Dictionary of National Biography, 1912 supplement/Hutton, Alfred

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HUTTON, ALFRED (1839–1910), swordsman, born at Beverley on 10 March 1839, was eleventh and youngest child and seventh son of Henry William Hutton (1787–1848) of Walker Gate, Beverley, captain in the 4th (Royal Irish) dragoon guards (retired 1811). His mother was Marianne (d. 1879), only child of John Fleming of Beverley. A brother, Edward Thomas, was father of Lieut.-general Sir Edward Hutton, K.C.M.G. (b. 1848). Educated at Blackheath, Alfred matriculated at University College, Oxford, on 25 Nov. 1857, but left without graduating to join the 79th (Cameron) highlanders (31 May 1859). At the age of twelve he had taken hia first fencing lessons at the school in St. James's Street from Henry Angelo the younger (d. 1852), his father having been a pupil of Henry Angelo the elder [see Tremamondo, Henry]. On arrival at the depot of his regiment at Perth he soon proved himself an expert fencer. Upon joining the headquarters of his regiment in India, at the request of his commanding officer, Colonel Hodgson, he organised in the regiment the Cameron Fencing Club, for which he prepared his first book, 'Swordsmanship' (1862). In 1864 he exchanged into the 7th hussars, and in 1866 into the 1st (king's) dragoon guards, popularising fencing in both regiments. He was gazetted captain on 30 Sept. 1868, and retired from the service in 1873.

Invalided home in 1865, he had become the pupil and friend of McTurk, Angelo's successor, at the school of arms in St. James's Street. On leaving the army he devoted himself to the practice of modern fencing with foil, sabre, and bayonet, but chiefly to the study and revival of older systems and schools. His chief work, 'Cold Steel' (a title sometimes transferred from the book to the writer by his friends), was published in 1889. This was a practical treatise on the sabre, based on the old English backsword play of the eighteenth century, combined with the method of the then modern Italian school. Hutton successfully advocated the use by cavalry of a straight pointed sword for thrusting rather than a cutting sword. In 1890 he published 'Fixed Bayonets,' but his views of bayonet fighting were regarded in the army as too theoretical for modern practical instruction.

Under Hutton's instruction the school of arms of the London rifle brigade reached a high level of all-round swordsmanship. For its benefit 'The Swordsman' was written in 1891 (enlarged edit. 1898). In 1892 he published 'Old Sword Play,' a summary history of fencing as practised in the fifteenth, sixteenth, and seventeenth centuries. In 1894 he was elected F.S.A., and an honorary member of the Cercle d'Escrime de Bruxelles, on whose invitation he took the chief part with several English pupils in a historical display of 'L'Escrime à travers les Ages,' held at the opera-house on 22 May. From 1867 he was a member of the London Fencing Club, and from 1895 till death he was first president of the Amateur Fencing Association, originally the fencing branch of the Amateur Gymnastic Association, the earliest attempt at organising English fencing. His last published work was 'The Sword and the Centuries' (1901), a popular illustrated epitome of his deeper researches.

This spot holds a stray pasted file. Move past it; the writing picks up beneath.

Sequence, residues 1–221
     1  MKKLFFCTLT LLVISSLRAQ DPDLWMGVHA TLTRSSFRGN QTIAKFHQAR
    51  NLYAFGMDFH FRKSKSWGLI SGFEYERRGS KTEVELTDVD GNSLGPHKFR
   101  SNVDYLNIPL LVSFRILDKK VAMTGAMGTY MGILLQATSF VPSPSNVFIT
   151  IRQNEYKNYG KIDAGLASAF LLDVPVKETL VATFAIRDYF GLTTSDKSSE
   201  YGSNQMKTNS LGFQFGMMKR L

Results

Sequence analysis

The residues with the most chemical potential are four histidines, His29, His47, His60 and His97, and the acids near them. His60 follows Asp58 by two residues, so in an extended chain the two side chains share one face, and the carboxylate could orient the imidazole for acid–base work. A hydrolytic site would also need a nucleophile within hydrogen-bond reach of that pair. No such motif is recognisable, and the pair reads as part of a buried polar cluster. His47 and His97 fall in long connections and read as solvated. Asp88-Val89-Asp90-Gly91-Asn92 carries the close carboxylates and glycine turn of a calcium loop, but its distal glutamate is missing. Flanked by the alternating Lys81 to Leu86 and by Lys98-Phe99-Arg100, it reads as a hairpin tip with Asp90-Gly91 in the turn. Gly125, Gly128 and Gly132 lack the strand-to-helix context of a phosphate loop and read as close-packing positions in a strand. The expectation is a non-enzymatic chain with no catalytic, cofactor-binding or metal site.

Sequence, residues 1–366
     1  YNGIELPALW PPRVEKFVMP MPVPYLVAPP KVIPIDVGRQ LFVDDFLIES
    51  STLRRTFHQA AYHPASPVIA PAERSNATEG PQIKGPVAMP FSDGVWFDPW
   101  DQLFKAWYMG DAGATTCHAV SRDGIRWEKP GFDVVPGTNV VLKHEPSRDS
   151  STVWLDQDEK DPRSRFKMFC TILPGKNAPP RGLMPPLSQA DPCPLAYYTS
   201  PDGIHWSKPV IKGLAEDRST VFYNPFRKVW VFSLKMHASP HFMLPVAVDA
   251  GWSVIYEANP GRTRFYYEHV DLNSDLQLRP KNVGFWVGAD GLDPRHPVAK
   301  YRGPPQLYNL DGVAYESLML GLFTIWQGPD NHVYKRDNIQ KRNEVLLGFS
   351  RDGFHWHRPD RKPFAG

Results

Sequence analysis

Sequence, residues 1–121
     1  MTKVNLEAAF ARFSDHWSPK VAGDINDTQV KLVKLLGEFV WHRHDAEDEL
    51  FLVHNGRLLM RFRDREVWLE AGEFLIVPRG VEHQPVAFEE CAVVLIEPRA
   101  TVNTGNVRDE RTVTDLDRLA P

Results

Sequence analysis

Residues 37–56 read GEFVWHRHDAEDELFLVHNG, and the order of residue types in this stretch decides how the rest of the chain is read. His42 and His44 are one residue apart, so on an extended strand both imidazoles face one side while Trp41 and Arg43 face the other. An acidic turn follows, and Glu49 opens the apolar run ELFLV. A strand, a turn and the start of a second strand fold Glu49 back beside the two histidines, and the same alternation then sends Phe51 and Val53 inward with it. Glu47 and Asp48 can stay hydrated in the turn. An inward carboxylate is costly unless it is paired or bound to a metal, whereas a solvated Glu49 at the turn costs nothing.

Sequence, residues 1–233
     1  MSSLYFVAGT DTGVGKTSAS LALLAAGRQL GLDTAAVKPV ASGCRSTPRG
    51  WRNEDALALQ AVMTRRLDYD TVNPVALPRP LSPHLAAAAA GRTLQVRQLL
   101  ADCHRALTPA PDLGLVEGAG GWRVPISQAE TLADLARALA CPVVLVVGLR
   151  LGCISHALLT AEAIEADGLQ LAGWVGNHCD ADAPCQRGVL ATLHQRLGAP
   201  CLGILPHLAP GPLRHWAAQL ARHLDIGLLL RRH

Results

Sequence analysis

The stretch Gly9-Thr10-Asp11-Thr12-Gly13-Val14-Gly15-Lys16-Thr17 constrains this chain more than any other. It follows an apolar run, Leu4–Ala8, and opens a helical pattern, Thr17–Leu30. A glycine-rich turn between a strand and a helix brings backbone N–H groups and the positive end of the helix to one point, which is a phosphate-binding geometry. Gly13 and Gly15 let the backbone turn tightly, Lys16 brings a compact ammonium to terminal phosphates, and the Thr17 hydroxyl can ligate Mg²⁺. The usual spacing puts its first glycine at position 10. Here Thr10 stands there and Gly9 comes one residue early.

Hutton was one of the founders of the Central London Throat and Ear Hospital in 1874, and for thirty years its first chairman. Of tall and picturesque figure, handsome face, and chivalrous bearing, traits suggestive to friends of Don Quixote, he was wholehearted in his devotion to the science of arms, which he did much to rescue from neglect. He died unmarried at his chambers in 76 Jermyn Street, London, on 18 Dec. 1910, and was buried in Astbury churchyard, Cheshire. A momorial tablet was unveiled at Astbury Church by Lieut.-general Sir Edward Hutton on 8 Oct. 1911. Besides the works mentioned and articles in periodicals, he published: 1. 'Swordsmanship for the Use of Soldiers,' 1866. 2. 'Swordsmanship and Bayonet Fencing,' 1867. 3. 'The Cavalry Swordsman,' 1867. 4. 'Bayonet Fencing and Sword Practice,' 1882. 6. 'A Criticism of the Infantry Sword Exercise,' 1895. 6. 'Sword Fighting and Sword Play,' 1897. 7. 'Examples of Ju-Jitsu for Schoolboys.'

Hutton's fine collection, of fencing and duelling literature, with some admirable specimens of Oriental sword-cutlery, he bequeathed to the Victoria and Albert Museum.

Hutton was often painted, usually in ancient or modern fencing costume. A portrait by John Ernest Breun, entitled 'Cold Steel,' won the gold medal at the Paris Salon in 1892, and is reproduced in Hutton's book so named (1889). Another portrait by W. Howard Robinson, foil in hand and mask under arm, was reproduced in 'The Field,' 25 June 1910; a caricature by 'Jest,' rapier in hand, was in 'Vanity Fair,' 13 Aug. 1903.

[Arthur W. Hutton, Some Account of the Family of Hutton of Gate Burton, Lincolnshire, 1898 (privately printed); private information supplied by Colonel Cyril G. R. Matthey, F.S.A., one of Hutton's executors; Thimm, Fencing Bibliography; Saturday Review, 6 July 1889 (Cold Steel), 14 June 1890 (Fixed Bayonets); The Times, 19 Dec. 1910; personal knowledge.]

A. F. S.